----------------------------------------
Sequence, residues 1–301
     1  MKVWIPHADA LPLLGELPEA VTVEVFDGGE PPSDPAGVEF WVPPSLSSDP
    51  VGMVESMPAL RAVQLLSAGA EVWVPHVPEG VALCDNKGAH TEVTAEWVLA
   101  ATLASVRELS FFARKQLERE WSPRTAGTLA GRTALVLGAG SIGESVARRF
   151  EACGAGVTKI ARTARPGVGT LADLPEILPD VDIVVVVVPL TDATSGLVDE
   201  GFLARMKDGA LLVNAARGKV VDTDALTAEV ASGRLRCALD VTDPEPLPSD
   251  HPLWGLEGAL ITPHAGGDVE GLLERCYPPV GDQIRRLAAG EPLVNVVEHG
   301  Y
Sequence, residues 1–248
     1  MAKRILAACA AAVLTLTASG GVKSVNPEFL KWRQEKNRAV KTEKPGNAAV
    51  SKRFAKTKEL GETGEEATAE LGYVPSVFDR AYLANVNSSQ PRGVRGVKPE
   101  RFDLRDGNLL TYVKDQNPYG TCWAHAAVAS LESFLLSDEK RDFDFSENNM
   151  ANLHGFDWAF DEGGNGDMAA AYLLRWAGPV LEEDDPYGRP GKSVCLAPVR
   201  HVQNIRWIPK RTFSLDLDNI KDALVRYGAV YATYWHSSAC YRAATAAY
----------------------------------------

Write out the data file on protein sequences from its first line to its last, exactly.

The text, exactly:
Sequence, residues 1–301
     1  MKVWIPHADA LPLLGELPEA VTVEVFDGGE PPSDPAGVEF WVPPSLSSDP
    51  VGMVESMPAL RAVQLLSAGA EVWVPHVPEG VALCDNKGAH TEVTAEWVLA
   101  ATLASVRELS FFARKQLERE WSPRTAGTLA GRTALVLGAG SIGESVARRF
   151  EACGAGVTKI ARTARPGVGT LADLPEILPD VDIVVVVVPL TDATSGLVDE
   201  GFLARMKDGA LLVNAARGKV VDTDALTAEV ASGRLRCALD VTDPEPLPSD
   251  HPLWGLEGAL ITPHAGGDVE GLLERCYPPV GDQIRRLAAG EPLVNVVEHG
   301  Y
Sequence, residues 1–248
     1  MAKRILAACA AAVLTLTASG GVKSVNPEFL KWRQEKNRAV KTEKPGNAAV
    51  SKRFAKTKEL GETGEEATAE LGYVPSVFDR AYLANVNSSQ PRGVRGVKPE
   101  RFDLRDGNLL TYVKDQNPYG TCWAHAAVAS LESFLLSDEK RDFDFSENNM
   151  ANLHGFDWAF DEGGNGDMAA AYLLRWAGPV LEEDDPYGRP GKSVCLAPVR
   201  HVQNIRWIPK RTFSLDLDNI KDALVRYGAV YATYWHSSAC YRAATAAY